Lexington Medical Center Partners with University of South Carolina for Clinical Training Programs

Lexington Medical Center and the University of South Carolina have two new partnerships that will provide workforce development and clinical training for UofSC’s growing nursing student population and help meet local and statewide needs for primary care physicians through an affiliation for graduate medical education.

Nursing Education

As part of its partnership with the UofSC College of Nursing, Lexington Medical Center is building a state-of-the-art nursing simulation lab and teaching space on the hospital’s campus and providing clinical instructors to help train students. UofSC will provide equipment for the simulation lab and classrooms, as well as furnishings. UofSC College of Nursing expects to welcome its first students to the facility in fall 2024.

Partnerships like this one are especially important with registered nurses in short supply — especially in South Carolina. In May, UofSC graduated 220 nurses from its Columbia campus. With this new space, 400 nurses will graduate per year in the Midlands — an 80% increase annually — to help meet the state’s growing health care needs.

“South Carolina was projected to have the fourth highest nursing shortage in the country by 2030,” said Melissa Taylor, RN, MSN, NE-A, BC, vice president and chief nursing officer at Lexington Medical Center. “We’re excited about this partnership, which will grow the pipeline of skilled nurses for our organization and the entire state.”


Graduate Medical Education

Construction began this year on a 45,000-square-foot building to house the GME programs’ instructional space and patient care clinics. The hospital’s Family Medicine Residency Program is poised to be one of the largest in South Carolina, increasing available residency positions in the state by 12%. Recruitment is underway for the first family medicine residents, who will begin training in 2023. Lexington Medical Center plans to establish additional primary care-focused residency programs over the next five to six years, including Transitional Year, Internal Medicine and OB/GYN.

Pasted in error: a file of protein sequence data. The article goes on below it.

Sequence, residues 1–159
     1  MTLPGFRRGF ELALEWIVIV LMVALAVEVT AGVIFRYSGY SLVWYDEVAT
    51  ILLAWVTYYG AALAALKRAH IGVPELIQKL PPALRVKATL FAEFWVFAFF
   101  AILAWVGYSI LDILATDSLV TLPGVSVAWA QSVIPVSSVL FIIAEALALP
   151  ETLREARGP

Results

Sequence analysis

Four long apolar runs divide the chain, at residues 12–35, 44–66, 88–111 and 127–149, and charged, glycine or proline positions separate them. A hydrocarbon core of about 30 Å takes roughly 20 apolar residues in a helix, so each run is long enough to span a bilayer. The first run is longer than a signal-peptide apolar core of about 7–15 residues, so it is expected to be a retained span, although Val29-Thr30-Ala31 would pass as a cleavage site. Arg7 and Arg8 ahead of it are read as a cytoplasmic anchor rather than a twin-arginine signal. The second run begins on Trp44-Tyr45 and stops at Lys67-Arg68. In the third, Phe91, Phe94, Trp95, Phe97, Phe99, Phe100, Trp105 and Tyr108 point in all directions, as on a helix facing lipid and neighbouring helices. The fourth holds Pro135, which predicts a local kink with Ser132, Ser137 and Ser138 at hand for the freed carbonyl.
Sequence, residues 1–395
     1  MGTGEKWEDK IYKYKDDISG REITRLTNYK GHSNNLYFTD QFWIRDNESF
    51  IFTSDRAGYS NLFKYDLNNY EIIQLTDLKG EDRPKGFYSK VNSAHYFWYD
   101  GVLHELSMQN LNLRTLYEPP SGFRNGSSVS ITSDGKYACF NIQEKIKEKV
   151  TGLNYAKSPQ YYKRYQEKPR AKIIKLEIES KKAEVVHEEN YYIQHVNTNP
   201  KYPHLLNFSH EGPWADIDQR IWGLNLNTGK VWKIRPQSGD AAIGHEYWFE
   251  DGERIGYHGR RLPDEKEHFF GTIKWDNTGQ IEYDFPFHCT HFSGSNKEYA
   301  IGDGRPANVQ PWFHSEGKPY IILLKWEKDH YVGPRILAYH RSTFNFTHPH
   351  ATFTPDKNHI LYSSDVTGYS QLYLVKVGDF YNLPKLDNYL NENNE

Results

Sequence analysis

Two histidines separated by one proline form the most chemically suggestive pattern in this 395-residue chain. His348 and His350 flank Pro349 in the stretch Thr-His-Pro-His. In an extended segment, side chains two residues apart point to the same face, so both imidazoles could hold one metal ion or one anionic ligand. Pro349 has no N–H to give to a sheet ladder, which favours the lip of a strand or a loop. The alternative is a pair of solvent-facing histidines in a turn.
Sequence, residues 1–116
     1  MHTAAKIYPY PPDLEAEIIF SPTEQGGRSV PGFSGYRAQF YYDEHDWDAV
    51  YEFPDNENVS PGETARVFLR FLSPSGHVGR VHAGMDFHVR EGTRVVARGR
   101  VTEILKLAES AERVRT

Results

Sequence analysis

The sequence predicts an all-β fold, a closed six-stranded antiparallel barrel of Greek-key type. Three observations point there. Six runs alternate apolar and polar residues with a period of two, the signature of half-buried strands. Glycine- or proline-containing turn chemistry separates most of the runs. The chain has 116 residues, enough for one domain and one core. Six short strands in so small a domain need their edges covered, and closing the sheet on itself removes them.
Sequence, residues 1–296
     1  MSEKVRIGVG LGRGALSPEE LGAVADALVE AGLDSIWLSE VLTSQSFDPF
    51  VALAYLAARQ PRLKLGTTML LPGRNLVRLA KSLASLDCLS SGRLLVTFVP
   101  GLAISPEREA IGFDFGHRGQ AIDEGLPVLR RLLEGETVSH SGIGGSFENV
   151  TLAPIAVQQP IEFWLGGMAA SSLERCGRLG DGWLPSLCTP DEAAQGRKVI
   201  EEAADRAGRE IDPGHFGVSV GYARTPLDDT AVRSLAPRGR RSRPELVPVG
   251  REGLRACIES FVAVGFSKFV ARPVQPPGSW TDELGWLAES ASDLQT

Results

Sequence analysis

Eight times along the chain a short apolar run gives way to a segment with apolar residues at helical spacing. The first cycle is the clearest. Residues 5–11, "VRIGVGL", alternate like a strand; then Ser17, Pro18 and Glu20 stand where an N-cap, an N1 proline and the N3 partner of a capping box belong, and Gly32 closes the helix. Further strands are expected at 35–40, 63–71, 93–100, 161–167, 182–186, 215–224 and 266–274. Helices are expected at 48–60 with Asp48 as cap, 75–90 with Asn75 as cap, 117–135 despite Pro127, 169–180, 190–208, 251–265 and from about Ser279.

“As the area’s only independent health system, Lexington Medical Center has a long-held commitment to excellence in primary care. Training the next generation of primary care providers is aligned with our mission of providing quality health services that meet the needs of our communities,” said Brent Powers, MD, MBA, senior vice president and chief medical officer at Lexington Medical Center.

The university’s School of Medicine Columbia is the top medical program in the country for graduates who practice in areas where there is a shortage of health care professionals, according to the latest U.S. News & World Report Best Graduate School rankings. Lexington Medical Center hopes to attract a number of UofSC School of Medicine Columbia graduates to its GME program.

“I applaud the vision and commitment of Dean Andrews, Dean Hall and the leadership of Lexington Medical Center in creating greater educational experiences for our nursing and medical students," said UofSC President Michael Amiridis. “Education in the health sciences is of great importance for the future of both the university and South Carolina.”

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